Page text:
inspiring highlights, among which you’ll find the so-called Panorama room, Pods
The Panorama room
is – as the name suggests – a room walled with
broad screens displaying film fragments, controlled by seven control panels
where you can change the images grouped into different categories: Discovery of
the World, Battle, Film Stars, Slapstick, Color and, of course, the Netherlands.
are small (but really comfortable) car-like
booths where visitors can take part in further interactive exhibitions by
watching both short fragments, as well as full films, additionally guided in
their cinematographic journey by some well-known Dutch figures like Jeroen
Krabbe or Georgina Verbaan. Moreover, these pods offer also an opportunity to
take a film quiz to check your knowledge of the business. Are you up for the
is where you’ll come across a selection of
many interactive installations allowing you to discover the ‘secrets’ of film
in an exciting, playful way. Some of the installations featured so far include,
for instance, a project by the name of Flipbook Machine, where participants
could film a short sequence of themselves and then divide it into separate
frames to finally print it onto a flipbook (think old Disney cartoons)!
the permanent exhibitions, the EYE features as many as four cinemas viewing
many fine classics on a daily basis. You can choose between a 67-seat small
Parisian-styled viewing room, two 13-seat ones and one with 315 seats; the
selection of video material is equally impressive, ranging silent film, through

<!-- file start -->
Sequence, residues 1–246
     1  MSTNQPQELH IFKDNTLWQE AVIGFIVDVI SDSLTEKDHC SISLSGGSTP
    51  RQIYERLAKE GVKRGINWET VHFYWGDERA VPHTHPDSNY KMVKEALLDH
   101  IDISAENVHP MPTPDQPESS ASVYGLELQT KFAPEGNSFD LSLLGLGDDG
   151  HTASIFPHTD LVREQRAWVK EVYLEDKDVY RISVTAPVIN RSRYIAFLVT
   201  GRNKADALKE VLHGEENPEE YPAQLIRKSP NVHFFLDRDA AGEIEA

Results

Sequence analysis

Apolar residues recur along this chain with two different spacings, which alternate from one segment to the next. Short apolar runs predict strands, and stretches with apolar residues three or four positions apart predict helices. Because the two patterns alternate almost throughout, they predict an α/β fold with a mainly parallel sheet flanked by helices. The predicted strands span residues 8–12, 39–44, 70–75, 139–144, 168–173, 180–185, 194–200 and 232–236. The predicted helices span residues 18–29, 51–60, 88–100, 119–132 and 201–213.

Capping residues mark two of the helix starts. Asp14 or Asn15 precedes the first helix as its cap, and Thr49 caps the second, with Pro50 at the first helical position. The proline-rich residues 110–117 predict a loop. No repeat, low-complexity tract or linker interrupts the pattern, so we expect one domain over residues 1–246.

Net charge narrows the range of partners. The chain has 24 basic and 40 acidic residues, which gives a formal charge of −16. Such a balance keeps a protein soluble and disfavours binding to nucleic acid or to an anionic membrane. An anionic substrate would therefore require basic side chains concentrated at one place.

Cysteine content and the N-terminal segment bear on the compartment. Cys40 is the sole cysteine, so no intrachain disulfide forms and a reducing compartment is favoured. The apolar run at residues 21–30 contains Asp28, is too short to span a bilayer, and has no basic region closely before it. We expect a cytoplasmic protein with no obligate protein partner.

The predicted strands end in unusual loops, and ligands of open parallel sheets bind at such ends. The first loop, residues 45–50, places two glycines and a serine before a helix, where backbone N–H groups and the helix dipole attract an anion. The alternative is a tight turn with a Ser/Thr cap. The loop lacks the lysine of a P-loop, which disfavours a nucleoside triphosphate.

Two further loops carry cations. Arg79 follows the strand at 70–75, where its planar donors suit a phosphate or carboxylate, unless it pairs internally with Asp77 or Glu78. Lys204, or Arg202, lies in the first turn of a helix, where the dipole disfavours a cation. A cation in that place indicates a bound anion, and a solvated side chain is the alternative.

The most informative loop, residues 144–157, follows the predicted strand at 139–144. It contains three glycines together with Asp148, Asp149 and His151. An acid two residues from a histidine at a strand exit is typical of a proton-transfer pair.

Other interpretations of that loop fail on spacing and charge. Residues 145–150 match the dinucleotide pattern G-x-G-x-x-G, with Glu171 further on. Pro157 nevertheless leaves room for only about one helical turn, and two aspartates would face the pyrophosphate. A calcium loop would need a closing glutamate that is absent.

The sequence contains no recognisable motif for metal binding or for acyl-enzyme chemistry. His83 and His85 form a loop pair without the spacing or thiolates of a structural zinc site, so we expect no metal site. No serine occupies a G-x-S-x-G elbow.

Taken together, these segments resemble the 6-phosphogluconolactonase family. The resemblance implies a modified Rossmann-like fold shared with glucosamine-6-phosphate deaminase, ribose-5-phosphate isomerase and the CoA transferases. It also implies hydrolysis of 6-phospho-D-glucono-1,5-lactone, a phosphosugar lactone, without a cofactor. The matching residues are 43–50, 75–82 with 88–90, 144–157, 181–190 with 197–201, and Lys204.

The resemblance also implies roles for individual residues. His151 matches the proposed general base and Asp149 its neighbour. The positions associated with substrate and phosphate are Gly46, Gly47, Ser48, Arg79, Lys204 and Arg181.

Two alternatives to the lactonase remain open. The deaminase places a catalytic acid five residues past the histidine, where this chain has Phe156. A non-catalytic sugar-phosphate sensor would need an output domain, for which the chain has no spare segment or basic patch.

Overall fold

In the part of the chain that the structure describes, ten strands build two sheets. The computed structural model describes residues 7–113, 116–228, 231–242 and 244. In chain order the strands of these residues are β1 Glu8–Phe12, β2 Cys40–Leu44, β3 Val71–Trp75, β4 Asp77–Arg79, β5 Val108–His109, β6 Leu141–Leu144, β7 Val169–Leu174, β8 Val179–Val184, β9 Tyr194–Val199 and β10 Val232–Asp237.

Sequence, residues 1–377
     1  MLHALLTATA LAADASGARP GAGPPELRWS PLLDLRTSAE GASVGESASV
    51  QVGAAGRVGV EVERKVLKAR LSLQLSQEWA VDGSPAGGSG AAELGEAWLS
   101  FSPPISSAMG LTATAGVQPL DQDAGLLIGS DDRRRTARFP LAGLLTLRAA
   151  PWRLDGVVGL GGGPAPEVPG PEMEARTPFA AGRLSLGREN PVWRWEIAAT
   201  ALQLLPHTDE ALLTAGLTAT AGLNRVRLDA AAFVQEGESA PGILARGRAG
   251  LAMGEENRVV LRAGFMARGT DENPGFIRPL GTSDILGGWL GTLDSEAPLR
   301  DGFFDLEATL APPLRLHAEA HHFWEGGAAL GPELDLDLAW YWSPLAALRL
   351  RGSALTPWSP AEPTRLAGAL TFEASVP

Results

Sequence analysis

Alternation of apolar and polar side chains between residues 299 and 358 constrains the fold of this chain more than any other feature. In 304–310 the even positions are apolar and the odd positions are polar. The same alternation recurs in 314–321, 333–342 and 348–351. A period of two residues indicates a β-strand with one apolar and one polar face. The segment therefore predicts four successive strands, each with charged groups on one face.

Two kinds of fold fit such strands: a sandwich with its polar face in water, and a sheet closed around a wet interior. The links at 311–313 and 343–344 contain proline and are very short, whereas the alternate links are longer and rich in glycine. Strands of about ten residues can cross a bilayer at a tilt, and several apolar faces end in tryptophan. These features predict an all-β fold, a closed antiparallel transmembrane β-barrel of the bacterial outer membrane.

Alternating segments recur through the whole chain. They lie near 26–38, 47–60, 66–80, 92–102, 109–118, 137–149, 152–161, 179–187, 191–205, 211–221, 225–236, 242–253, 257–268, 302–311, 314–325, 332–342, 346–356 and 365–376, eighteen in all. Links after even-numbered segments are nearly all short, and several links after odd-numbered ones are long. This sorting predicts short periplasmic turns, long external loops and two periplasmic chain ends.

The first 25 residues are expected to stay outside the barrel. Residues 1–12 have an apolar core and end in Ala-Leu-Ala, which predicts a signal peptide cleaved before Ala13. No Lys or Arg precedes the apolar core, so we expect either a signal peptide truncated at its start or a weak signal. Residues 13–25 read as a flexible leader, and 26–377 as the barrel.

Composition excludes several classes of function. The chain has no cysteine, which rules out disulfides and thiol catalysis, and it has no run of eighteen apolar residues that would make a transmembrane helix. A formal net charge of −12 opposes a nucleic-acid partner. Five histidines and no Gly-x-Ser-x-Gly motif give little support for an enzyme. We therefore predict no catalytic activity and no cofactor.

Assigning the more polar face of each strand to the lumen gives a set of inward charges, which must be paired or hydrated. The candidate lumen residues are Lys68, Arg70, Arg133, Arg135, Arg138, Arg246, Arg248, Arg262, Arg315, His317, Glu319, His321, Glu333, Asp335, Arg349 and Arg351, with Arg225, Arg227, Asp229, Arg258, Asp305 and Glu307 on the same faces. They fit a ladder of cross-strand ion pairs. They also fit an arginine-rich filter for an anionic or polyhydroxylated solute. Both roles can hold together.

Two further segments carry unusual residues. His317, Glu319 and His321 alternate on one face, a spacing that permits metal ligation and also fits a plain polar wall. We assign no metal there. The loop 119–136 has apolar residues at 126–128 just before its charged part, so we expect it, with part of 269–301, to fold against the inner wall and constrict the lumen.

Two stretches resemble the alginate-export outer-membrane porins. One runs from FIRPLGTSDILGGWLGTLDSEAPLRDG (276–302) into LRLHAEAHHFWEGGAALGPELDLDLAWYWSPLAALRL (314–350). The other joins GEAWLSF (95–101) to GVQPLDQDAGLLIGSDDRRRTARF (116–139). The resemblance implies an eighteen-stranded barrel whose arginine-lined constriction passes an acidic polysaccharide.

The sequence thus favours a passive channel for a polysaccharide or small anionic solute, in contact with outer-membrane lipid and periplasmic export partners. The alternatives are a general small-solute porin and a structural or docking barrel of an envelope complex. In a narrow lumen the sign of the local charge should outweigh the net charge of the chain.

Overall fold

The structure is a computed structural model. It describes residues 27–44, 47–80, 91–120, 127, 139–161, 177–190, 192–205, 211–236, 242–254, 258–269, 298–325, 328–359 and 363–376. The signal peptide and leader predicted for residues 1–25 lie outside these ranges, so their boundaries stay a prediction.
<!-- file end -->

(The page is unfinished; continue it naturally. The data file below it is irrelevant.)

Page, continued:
the famous Czech cartoon ‘The Adventures of the Mole’ by Zdenek Miler to some of
the most seminal works by Scorsese. There’s always something for everyone, no
matter when you go there.
interesting feature is the section dedicated to temporary exhibitions. Channeled
into promoting the creative output of selected artists active in the field of
cinematography, the EYE delivers a sound portion of knowledge and a deeper
insight into the world of those responsible for some of the most notable
figures in the industry. If you come to Amsterdam before 9 June 2013, you’ll be
able to learn of the works by Johan van der Keuken – a late significant Dutch
modern-day movie is complete without extras. The same rule seems to apply in
the EYE, for it offers a range of additional facilities in the form of a lavishly
supplied film shop where you can purchase many local souvenirs, DVDs and
postcards. Apart from that, there’s also an indoor restaurant with great views
on the outside and a tasty menu, so the EYE becomes the perfect place for a
comprehensive cinematography-themed trip.
Institute is located on IJpromenade 1. The best way to get there is to take a
free ferry (line 56, direction – Buiksloterweg) from the quay behind Amsterdam
Centraal; it leaves every 12 minutes and the trip over the IJ lake takes about
admission fees and opening hours are as follows:
before, the permanent exhibition in the basement is open free of charge and can
be entered daily from 10:00 to 18:00.
exhibitions section opens daily from 11:00 to 18:00 and the tickets cost as
follows: adults: € 8; children up to 11 – free; seniors 65+, holders of the
Stadspas: € 6, Museum Card and iAmsterdam card – free of charge.
prices for film screenings cost € 10; for senior visitors 65+ – € 8.50; friend
of the Eye Institute and children up to 11 – € 7.50; screenings for the
citizens of the Amsterdam North – free admission. Film concerts tickets cost €
15 for adults and € 7.50 for children up to 11.
also an option to purchase a combination ticket (screening plus exhibition) for
€ 14; it’s worth remembering that tickets purchased on-line are as always €
that the EYE is closed completely on 30 April.
For some more up-to-date information, visit www.eyefilm.nl/en